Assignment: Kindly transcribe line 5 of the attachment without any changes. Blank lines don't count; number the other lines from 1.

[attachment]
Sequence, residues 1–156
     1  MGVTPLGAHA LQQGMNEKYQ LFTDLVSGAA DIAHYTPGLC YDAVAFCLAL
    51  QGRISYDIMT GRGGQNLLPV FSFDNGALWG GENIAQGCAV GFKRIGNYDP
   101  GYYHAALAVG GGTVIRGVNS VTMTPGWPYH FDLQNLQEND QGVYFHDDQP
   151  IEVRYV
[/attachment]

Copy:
   151  IEVRYV